Morning Brew - ☕ Democratic surprise

Plus, how the midterms could affect the stock market...
November 09, 2022 View Online | Sign Up | Shop

Morning Brew


Good morning. Yesterday started with a lunar eclipse and ended with a big question mark. Control of both chambers of Congress is still unknown, as key races remain too close to call and many votes remain to be counted. We’ll go over what we do know below.

Neal Freyman, Abby Rubenstein, Max Knoblauch














*Stock data as of market close, cryptocurrency data as of 11:00am ET. Here's what these numbers mean.

  • Markets: On Election Day, the S&P notched its third straight gain, and later in the newsletter we’ll explain why the momentum could continue post-midterms. On the flip side, Lyft shares got hammered after its earnings report showed its business hasn’t rebounded from Covid nearly as well as Uber’s has.


Not the Dem-olition we were expecting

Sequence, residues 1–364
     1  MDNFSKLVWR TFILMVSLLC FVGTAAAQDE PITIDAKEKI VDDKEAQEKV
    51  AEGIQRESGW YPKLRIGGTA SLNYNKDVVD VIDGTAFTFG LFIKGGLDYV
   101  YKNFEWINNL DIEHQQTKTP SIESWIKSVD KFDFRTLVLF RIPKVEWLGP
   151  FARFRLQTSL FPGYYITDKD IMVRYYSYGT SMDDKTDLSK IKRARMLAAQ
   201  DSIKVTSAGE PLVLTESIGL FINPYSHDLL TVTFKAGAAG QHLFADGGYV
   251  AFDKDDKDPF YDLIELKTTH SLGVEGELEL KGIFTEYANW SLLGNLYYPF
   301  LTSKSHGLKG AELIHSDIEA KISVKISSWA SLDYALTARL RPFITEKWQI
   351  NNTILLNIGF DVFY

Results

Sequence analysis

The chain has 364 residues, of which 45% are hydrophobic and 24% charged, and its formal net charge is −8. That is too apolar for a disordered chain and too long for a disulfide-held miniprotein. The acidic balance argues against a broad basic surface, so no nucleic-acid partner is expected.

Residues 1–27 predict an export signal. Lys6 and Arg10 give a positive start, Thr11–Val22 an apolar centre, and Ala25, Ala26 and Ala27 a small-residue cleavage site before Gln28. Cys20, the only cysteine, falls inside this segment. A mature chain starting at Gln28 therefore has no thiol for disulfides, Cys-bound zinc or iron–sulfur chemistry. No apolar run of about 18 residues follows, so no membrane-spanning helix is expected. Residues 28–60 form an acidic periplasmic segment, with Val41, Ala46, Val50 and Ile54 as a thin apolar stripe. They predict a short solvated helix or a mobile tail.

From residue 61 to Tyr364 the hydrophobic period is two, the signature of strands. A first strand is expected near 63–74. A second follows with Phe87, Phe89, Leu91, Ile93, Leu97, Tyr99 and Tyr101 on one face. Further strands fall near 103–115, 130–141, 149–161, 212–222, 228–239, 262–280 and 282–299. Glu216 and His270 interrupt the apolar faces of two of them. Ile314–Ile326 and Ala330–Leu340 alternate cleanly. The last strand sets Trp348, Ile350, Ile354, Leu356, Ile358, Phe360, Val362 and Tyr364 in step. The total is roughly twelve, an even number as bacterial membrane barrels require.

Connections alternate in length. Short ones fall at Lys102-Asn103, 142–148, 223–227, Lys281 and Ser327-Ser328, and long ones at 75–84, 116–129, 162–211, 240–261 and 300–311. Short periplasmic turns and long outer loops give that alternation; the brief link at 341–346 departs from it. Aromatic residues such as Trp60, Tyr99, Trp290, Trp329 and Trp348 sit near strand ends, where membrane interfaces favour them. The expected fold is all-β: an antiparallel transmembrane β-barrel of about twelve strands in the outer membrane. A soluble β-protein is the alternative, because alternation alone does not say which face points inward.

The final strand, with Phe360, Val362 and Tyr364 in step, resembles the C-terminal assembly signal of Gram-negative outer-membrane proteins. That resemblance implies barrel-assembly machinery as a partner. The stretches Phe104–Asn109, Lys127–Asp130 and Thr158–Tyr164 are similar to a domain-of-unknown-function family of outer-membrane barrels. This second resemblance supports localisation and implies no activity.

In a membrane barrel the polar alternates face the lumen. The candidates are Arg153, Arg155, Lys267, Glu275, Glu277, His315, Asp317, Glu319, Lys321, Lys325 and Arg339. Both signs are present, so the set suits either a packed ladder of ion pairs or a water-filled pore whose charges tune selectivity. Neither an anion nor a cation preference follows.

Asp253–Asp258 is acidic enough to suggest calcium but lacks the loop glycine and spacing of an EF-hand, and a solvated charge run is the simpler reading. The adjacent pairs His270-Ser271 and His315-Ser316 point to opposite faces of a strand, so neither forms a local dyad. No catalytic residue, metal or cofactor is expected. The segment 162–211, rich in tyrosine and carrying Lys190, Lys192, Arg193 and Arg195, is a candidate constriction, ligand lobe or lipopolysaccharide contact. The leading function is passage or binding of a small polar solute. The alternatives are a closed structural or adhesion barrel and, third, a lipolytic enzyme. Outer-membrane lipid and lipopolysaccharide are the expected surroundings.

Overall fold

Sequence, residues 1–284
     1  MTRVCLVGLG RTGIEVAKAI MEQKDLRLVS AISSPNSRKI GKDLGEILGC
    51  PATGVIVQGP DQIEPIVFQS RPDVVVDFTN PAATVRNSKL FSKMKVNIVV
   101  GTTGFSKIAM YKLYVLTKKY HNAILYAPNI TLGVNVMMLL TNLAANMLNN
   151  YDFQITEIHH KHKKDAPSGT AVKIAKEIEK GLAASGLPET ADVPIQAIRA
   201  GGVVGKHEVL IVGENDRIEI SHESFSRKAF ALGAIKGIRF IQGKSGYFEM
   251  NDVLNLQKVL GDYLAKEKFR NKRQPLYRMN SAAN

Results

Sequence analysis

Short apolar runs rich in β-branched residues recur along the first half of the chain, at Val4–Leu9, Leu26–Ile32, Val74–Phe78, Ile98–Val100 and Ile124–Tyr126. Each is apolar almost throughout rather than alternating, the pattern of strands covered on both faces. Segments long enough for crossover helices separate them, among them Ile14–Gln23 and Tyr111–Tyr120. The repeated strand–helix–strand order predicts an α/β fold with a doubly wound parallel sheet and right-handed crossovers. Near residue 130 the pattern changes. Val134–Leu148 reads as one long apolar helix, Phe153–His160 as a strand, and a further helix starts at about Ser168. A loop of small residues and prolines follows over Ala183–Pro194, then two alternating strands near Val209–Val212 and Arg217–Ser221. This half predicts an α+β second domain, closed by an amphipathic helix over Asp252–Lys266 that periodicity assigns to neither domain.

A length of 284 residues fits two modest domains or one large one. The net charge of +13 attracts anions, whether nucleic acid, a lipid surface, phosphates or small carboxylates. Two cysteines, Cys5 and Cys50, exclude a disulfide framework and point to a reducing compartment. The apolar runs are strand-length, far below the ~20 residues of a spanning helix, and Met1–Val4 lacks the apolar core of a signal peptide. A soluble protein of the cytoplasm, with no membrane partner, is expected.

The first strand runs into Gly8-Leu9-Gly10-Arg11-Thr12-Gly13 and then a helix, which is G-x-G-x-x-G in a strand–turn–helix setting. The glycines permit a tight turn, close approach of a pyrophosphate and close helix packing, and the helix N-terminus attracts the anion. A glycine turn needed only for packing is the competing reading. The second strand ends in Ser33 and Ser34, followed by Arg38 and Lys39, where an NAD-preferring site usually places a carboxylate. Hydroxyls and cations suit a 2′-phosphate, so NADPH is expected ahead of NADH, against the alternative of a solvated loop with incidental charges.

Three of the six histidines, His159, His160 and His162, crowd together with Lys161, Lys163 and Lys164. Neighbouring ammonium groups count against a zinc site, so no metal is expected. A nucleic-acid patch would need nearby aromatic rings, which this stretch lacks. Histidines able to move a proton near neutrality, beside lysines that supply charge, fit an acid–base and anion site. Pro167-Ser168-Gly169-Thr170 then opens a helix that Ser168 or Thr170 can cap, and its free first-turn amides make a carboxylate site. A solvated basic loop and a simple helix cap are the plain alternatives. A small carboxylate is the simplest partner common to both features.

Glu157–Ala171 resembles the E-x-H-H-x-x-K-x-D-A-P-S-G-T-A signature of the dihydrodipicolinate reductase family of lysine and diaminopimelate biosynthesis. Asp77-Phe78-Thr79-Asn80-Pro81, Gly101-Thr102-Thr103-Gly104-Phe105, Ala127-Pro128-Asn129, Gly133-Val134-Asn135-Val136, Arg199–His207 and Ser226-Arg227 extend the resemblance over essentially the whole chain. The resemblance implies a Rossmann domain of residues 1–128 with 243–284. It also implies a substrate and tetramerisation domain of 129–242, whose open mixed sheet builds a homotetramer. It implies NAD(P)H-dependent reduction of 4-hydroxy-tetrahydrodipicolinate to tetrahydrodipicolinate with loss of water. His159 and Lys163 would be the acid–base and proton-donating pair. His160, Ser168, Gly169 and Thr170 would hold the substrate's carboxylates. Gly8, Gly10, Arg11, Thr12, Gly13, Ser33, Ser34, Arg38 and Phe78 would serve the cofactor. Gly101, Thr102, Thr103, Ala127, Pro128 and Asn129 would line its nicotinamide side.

John Fetterman Jeff Swensen/Getty Images

If there’s anything you can bet on in politics, it’s that the party not in the White House makes big Congressional gains in the midterm elections.

But that does not appear to be the case this time around.

In elections dominated by economic concerns, Democrats performed much better than expected, perhaps dodging a so-called “red wave” that threatened to kick them out of power in both chambers.

The fates of both the Senate and the House are still unclear as the sun rises on Wednesday—and we may not know the outcome for days or weeks with major races still yet to be called. The infamous NYT “needle” shows that the Senate is “leaning” the Dems’ way while Republicans are “probably” going to retake the House.

Here’s a recap of the biggest headlines.

Fetterman defeats Oz. In a closely watched race in the swing state of Pennsylvania, Democrats flipped a seat when John Fetterman defeated Dr. Mehmet Oz, the celebrity TV doctor who was backed by former President Trump.